Visualizing the logistic map with a microcontroller. utku writes – [via]
The logistic map is one of the simplest nonlinear dynamical systems that clearly exhibit the route to chaos. In this paper, we explored the evolution of the logistic map using an open-source microcontroller connected to an array of light emitting diodes (LEDs). We divided the one dimensional interval [0, 1] into ten equal parts, and associated and LED to each segment. Every time an iteration took place a corresponding LED turned on indicating the value returned by the logistic map. By changing some initial conditions of the system, we observed the transition from order to chaos exhibited by the map.
Visualizing the logistic map with a microcontroller- [Link]
I had been reading on chaos generators in the past, and this e-mail got me interested again. Their design is somewhat complicated, with a total of 13 stages of 7 different circuit blocks. You can read all about it in the PDF they published
A much simpler chaos generator that can be built with a lot less components is called Chua’s circuit. The downside with this simple circuit is that you need an inductor which you might have to wind up yourself. Also there should be much less variety than in the waveforms of the Elektor circuit. It has so many stages that can saturate to give different waveforms.
Still, Chua’s circuit is very interesting to fiddle with. I haven’t built the circuit yet, but I did some simulations with LTSpice IV and here’s what I found out.
LTSpice simulation of Chua’s circuit - [Link]
What is Chaos theory? Chaos theory is the theory that describes systems that appear disordered, but also this theory is about finding underlying order in apparently random data. According to Wikipedia:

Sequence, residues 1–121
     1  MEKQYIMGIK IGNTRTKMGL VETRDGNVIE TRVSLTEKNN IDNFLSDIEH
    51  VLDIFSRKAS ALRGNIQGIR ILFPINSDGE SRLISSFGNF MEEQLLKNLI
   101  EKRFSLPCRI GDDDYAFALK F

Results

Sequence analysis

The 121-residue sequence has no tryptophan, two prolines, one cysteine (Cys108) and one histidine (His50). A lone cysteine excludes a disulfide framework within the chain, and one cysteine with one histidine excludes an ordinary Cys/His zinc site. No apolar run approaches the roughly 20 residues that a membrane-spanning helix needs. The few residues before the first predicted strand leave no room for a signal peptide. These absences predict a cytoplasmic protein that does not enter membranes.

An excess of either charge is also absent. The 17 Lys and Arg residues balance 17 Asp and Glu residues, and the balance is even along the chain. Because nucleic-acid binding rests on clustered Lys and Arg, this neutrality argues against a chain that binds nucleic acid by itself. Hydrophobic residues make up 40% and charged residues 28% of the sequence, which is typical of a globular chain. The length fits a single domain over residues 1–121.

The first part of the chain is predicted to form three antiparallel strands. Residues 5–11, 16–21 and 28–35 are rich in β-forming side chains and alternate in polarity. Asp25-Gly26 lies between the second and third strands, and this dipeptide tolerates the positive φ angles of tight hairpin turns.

Chaos theory describes the behavior of certain nonlinear dynamical systems that may exhibit dynamics that are highly sensitive to initial conditions (popularly referred to as the butterfly effect). As a result of this sensitivity, the behavior of chaotic systems appears to be random.
Surpisingly, chaotic effects appear on systems that are deterministic, that means it appears on systems without random elements involved. According to another definition:
A chaotic system is one where the system’s variable quantities satisfy deterministic mathematical equations (i. e., present values may be calculated from past ones), while at the same time being highly irregular, but still contained within a finite region (the “strange attractor”).
Did you know that chaos can be represented using simple electronic circuits and appear on your oscilloscope’ s screen? A circuit that can differentiate a voltage is able to represent the differential equations describing a chaotic system thus appear “attractors” on your oscilloscope. On the site bellow you will find some simple chaos-generating electronic circuits that will “blow your scope”!!
Schematics representing Chaos theory - [Link]